Meb Faber, co-founder of and chief investment officer at Cambria Investment Management, knows a thing or two about reading the markets. Before establishing Cambria Investment Management, Faber co-founded AlphaClone and, throughout years of analysis and research, has come to develop a good nose for a market bubble.
Faber says his common sense understanding of bubbles is that they are rare. He pointed to renowned economist Robert Shiller’s definition in which “there's really no possible way you could justify a positive return on the investment in the future”.
Also, importantly, Faber said market bubbles need to have a good narrative, where “people who traditionally don’t invest are getting sucked into the speculative frenzy”.
But there are other ways to recognise the hallmarks.
“People who traditionally don’t invest are getting sucked into the speculative frenzy”
“The nice thing about bubbles, particularly with most capital markets like stocks, is you can use fundamentals as a waypoint or an anchor. A good example, we love to talk about valuations with the US stock market,” Faber told Opto.
“My favourite metric is the 10-year price to earnings ratio,” Faber said. The metric has a history going back more than a century. Faber said that since the late 1980s it has averaged in the low 20s.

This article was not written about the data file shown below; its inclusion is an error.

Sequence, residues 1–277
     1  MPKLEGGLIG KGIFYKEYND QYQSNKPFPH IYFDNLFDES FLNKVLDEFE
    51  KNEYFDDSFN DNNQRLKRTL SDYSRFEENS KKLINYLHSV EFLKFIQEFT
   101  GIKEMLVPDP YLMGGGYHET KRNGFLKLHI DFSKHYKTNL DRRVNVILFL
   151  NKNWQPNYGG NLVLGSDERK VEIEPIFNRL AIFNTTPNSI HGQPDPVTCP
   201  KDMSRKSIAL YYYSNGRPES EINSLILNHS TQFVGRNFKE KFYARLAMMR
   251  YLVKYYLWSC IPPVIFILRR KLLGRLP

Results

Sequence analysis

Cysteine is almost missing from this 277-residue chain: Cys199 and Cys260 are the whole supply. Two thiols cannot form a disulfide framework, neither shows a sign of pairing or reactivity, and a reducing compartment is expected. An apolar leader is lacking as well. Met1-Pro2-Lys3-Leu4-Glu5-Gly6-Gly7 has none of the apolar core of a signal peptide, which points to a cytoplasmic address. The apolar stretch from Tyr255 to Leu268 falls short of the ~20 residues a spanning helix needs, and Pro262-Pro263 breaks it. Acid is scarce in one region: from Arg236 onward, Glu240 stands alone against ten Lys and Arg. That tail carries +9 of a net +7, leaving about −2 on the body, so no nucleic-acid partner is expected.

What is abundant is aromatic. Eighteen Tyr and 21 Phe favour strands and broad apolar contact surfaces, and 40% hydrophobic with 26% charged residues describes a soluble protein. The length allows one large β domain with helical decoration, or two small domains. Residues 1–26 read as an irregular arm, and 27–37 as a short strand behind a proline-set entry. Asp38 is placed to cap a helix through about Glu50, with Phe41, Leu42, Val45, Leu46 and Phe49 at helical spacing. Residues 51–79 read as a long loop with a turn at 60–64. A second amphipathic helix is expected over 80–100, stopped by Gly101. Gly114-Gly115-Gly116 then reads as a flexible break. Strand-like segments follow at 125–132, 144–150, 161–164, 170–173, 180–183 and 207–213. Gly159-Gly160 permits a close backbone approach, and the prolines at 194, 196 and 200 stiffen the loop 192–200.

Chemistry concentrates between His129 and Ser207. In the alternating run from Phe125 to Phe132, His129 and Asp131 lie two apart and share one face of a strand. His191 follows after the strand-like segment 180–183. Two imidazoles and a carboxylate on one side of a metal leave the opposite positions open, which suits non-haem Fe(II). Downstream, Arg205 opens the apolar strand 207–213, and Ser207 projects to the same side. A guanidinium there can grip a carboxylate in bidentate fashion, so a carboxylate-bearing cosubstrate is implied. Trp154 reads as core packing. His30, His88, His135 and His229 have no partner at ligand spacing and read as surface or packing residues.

“For comparison … we went and created the 10-year PE ratio for every country in the world”, Faber recalled. “We’ve certainly seen what I would classify as bubbles, which would be probably a PE ratio over 40, which traditionally has had negative future returns,” he explained.
However, this can go much higher. Faber recalled a point in 1995 when that ratio hit 80. “To me, that's a real bubble, whereas the US right now, it's low 30s.”
“My favourite metric is the 10-year price to earnings ratio”
Faber acknowledged that valuation as a metric is “a blunt one”. However, he considered that different metrics are all pointing to the fact that stocks are expensive.
“I don't think it's a bubble yet. It doesn't have to get to a bubble. It certainly could go even more than a bubble. But, but what we would say is that future returns … should be muted for the next five to 10 years,” Faber stated.
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